We bought a new digital camera, a Panasonic with a Leica lens. Marty patiently followed me from store to store to get the best price--there are literally dozens of camera shops on Singapore's main shopping drag, Orchard St.
We did miss going to the Singapore's small shul, because we way overslept on Saturday---there is about a three hour time difference from India. We'll plan better next time.
Friday, July 08, 2005
On the way to Singapore
We are on our way to Singapore for the weekend. I'll update the site with our adventures there. In the meantime, think of Marty enjoying a good steak!
Sunday, July 03, 2005
The Fourth of July
Before coming to Madras, we were warned not to expect to find a good American hamburger here. Just in case there was any doubt, here is Marty "enjoying" one at the American Chamber of Commerce American Independence Day celebration yesterday.....
July 3---Marty's Birthday!
I had a lot of trouble getting the picture links to stay working last week, I think due to using the photo links on Yahoo. I decided to change everything over to Blogger’s new photo upload utility, so I hope this works. Assuming it does, you can see our latest possession, a fish tank with 9 goldfish—eight gold ones and one black one, which the aquarium people told Marty is good luck. For about a day, Junior was fascinated, but now she has lost interest. J.D. hasn’t even gone near the tank.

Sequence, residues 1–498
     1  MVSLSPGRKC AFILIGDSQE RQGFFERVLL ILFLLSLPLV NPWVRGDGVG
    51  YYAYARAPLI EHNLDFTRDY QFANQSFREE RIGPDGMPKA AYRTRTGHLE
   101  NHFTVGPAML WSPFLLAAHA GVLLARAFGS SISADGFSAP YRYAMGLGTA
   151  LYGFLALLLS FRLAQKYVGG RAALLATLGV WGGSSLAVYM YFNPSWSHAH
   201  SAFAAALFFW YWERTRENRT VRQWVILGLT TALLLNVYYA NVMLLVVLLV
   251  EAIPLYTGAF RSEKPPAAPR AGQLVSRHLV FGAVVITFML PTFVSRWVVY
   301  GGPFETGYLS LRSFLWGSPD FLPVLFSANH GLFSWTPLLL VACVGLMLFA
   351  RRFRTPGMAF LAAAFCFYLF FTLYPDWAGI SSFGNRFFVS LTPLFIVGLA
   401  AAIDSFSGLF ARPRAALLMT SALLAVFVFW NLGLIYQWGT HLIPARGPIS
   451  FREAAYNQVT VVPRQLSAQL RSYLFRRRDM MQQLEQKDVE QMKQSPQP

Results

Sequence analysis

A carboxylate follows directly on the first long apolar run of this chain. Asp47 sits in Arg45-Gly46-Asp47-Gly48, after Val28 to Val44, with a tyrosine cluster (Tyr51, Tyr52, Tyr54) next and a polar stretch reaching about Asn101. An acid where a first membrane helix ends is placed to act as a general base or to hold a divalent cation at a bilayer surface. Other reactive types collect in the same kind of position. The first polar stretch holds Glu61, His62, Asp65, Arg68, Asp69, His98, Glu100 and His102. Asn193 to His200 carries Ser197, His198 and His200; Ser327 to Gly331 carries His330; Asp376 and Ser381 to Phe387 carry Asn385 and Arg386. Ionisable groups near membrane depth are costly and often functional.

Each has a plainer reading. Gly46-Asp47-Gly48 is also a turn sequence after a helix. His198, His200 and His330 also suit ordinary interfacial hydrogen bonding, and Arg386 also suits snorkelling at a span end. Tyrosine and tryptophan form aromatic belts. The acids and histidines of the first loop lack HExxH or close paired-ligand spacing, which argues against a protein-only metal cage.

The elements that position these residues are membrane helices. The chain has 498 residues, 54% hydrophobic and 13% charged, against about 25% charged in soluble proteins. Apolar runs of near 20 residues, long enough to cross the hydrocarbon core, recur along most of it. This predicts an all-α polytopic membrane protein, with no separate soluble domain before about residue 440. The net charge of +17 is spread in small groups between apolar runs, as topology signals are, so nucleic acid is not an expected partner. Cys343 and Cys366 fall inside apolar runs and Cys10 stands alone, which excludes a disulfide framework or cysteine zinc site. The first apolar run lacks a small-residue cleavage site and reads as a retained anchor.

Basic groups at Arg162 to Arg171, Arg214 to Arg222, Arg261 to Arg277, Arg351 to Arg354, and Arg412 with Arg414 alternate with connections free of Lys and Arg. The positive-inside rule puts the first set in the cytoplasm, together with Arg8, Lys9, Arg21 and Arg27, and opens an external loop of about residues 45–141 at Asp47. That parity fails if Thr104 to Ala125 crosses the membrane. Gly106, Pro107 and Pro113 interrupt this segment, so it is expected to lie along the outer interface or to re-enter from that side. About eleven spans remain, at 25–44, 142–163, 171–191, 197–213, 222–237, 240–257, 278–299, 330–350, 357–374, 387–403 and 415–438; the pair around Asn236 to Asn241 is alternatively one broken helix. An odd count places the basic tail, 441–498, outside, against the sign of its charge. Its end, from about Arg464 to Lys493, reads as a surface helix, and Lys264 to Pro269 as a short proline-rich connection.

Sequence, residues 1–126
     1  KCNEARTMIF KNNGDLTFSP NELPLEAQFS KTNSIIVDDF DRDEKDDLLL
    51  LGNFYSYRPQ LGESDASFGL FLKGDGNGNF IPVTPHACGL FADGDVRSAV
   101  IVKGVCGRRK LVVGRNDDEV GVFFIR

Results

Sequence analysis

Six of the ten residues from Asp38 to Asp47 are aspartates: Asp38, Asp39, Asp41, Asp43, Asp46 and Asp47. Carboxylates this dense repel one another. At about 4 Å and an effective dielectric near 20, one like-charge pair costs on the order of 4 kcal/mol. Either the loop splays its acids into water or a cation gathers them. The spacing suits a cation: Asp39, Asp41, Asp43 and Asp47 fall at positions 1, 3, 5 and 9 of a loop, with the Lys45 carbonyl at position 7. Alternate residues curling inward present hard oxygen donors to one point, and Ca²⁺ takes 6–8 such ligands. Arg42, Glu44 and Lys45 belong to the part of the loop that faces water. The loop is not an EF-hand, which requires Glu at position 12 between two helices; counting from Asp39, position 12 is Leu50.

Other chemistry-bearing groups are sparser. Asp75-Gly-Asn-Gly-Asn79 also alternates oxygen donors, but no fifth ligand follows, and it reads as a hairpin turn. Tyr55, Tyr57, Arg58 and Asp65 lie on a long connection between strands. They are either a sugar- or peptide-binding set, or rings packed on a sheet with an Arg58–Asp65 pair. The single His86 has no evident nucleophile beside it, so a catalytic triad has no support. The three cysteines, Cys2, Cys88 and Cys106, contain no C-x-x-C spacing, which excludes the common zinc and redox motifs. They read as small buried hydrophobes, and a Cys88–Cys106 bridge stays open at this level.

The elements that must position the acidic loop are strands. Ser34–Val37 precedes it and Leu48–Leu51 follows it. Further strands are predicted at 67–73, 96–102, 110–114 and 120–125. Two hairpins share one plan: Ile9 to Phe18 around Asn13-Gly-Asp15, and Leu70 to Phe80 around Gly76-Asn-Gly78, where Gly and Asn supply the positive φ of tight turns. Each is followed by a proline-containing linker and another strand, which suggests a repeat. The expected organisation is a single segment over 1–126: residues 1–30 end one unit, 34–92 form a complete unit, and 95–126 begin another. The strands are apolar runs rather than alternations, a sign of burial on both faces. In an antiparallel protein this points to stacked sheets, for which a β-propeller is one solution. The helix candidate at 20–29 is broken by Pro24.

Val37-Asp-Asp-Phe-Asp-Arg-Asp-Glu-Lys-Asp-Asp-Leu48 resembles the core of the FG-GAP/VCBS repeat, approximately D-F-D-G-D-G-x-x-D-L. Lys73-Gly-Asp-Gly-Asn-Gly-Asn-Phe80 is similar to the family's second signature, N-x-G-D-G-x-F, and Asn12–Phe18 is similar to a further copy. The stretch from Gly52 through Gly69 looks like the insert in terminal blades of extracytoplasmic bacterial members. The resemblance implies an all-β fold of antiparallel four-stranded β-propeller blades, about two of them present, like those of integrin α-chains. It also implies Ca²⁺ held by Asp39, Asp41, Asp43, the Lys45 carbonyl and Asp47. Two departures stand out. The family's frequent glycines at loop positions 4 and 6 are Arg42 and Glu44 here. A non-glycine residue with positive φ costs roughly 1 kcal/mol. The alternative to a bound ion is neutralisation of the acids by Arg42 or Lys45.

Some of you have asked about the food here. (Cousin Steve, this post is for you…..) I’ll save a rundown on south Indian cuisine for another day. Last night we went to one of Chennai’s two Japanese restaurants. This one is called Akasaka, and it has an extensive menu with usually only about half the items available (you have to guess which half), a small sushi bar, and the requisite fish tank. We had sushi appetizers, and for the main course Marty had a sushi plate and I had zaru soba (cold buckwheat noodles). The service was slow and uneven (Marty was long finished with his sushi before the soba arrived) but the food was decent. The fish was cut thicker than it should be, but was very fresh and tasted great.